The Making of the Liberty Bell
In November 1751, the Pennsylvania Assembly ordered the Liberty Bell to commemorate the 50 year anniversary of William Penn’s Charter of Privileges. The Charter of Privileges outlines those freedoms that are valued by people all over the world.
Members of the Pennsylvania Assembly sent a letter to Robert Charles, the Colonial Agent of the Province of Pennsylvania who was working in London. The bell was ordered from Whitechapel Foundry with instructions to inscribe on it the following passage from Leviticus in the Bible:
“Proclaim Liberty throughout all the land unto all the inhabitants thereof.”
The words preceding “proclaim Liberty” in this verse are “and ye shall hallow [value] the fiftieth year.” Thus this was an appropriate passage to inscribe for the 50th anniversary of The Charter of Privileges.
Even though the Bell was ordered in November 1751, it did not arrive in Philadelphia until September 1st 1752 and was not hung until March 10, 1753. As soon as they hung the Bell, the members of the State Assembly noticed a rather unfortunate flaw. Isaac Norris, one of the members who had signed the letter ordering the bell, wrote:
“I had the mortification to hear that it was cracked by a stroke of the clapper without any other viollence (sic) as it was hung up to try the sound.”
The cause of the crack in the Bell may have been from a flaw in its casting or, as they thought at the time, to the material itself being too brittle. In any event, the Assembly gave two Philadelphia foundry workers named John Pass and John Stow the cracked bell to melt down and re-cast. They added an ounce and half of copper to a pound of the bell in order to make it less brittle.
The new bell was raised in the belfry on March 29, 1753. Unfortunately, this time the tone was the problem. Isaac Norris wrote that “Upon trial, it seems they have added too much copper.” Pass and Stow went back to the drawing board to once again melt down and recast the Great Bell. On June 11, 1753, the Great Bell was hung in the Statehouse Steeple and rung without issue. However, Norris was still displeased with the tone of the bell and wrote to London requesting a new bell be made.
Once the new bell arrived, the members of the State Assembly were disappointed to learn that it sounded no better than the Bell that Pass and Stow had recast. So the “Liberty Bell” remained in the Statehouse Steeple while the new Whitechapel bell was hung in the State House roof and attached to the clock to sound the hours.
Sounding the call for Freedom: the Liberty Bell’s place in History
After it was first hung, the Liberty Bell was used to call the State Assembly together and to summon people to gather for special events. Among the more important events for which the Bell was rung were when Benjamin Franklin was sent to England to address Colonial grievances (complaints) and when the people of Philadelphia were called together to discuss the Sugar Act of 1764 and the Stamp Act of 1765. Most importantly the Bell tolled for the First Continental Congress in 1774 and the Battle of Lexington and Concord during the American Revolution in 1775. Legend has it that the Bell also tolled for the reading of the Declaration of Independence in 1776, but by this time the steeple was in bad condition so historians believe that this was probably not true.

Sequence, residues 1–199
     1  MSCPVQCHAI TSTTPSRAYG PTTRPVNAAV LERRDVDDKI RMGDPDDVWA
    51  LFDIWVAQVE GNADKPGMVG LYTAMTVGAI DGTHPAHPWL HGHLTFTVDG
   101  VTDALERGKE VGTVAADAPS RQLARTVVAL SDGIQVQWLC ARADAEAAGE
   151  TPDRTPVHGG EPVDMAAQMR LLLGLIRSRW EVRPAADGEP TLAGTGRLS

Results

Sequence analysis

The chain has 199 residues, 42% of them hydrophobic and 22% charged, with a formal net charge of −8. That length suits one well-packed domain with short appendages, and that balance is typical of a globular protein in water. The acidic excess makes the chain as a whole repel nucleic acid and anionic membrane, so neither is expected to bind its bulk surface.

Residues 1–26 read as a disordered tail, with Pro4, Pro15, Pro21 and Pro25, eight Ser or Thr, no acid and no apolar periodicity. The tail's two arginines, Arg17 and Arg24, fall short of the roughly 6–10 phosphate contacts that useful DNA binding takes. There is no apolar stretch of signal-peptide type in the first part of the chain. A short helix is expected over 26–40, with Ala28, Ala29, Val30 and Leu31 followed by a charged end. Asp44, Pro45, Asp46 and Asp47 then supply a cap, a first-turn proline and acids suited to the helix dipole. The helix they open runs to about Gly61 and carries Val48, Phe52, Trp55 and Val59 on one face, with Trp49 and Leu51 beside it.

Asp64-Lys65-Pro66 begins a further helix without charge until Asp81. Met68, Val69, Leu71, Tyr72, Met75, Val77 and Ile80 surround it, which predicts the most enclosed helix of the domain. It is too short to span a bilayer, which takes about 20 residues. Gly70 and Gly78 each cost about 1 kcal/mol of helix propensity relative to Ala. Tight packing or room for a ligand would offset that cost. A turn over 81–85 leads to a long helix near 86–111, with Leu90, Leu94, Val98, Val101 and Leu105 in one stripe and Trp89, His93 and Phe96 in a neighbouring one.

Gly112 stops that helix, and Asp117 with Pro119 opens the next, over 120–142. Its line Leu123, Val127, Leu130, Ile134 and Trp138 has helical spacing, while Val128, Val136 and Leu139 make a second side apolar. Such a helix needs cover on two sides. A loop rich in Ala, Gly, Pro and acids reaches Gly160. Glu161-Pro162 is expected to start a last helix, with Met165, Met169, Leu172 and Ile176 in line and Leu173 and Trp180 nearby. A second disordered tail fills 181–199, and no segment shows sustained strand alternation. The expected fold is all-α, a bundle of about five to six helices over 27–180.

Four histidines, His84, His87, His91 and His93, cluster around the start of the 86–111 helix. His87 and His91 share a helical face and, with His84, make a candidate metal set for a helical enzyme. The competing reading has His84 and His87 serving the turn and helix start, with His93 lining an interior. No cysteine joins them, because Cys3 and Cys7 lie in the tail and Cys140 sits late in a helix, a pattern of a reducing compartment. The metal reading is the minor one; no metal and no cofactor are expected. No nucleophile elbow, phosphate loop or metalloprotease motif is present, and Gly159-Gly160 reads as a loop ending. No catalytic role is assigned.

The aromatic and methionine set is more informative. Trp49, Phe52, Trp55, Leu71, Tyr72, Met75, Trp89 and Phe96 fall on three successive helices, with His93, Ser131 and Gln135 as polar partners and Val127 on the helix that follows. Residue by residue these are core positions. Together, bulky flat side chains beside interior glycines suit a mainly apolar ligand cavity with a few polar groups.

Years later, after the Civil War that had so divided the country, the Liberty Bell was brought out for a tour throughout the nation, “proclaiming liberty” and inspiring the cause of freedom from East Coast to West Coast. In 1915, a replica of the Liberty Bell was made to promote the cause of Women’s Suffrage. The Bell’s clapper was strapped to its side, meaning that the bell would remain silent until women gained the right to vote.
The Bell in the Modern Day
In October 2003, the Liberty Bell Center in Philadelphia opened to the public. From the Center’s Southern end, the Bell is visible from the street 24 hours a day. Every Fourth of July, the descendants of the Signers of the Declaration of Independence tap the bell 13 times in honor of the 13 original colonies. Each year on Martin Luther King Jr. Day, the Bell is also gently tapped. This ceremony was begun in 1986 at the request of King’s widow, Coretta Scott King.
Liberty Bell Fun Facts
- The Liberty Bell weighs 2,080 pounds. The yoke weighs 100 pounds
- From lip to crown, the Bell measures three feet. The circumference around the crown measures six feet, 11 inches, and the circumference around the lip measures 12 feet.
- The original cost of the Liberty Bell was around 150£
- The Bell is composed of 70 percent copper, 25 percent tin, and traces of lead, zinc, arsenic, gold, and silver. The Bell is suspended from what is believed to be its original yoke, made from American Elm
- The strike note of the Bell is E-Flat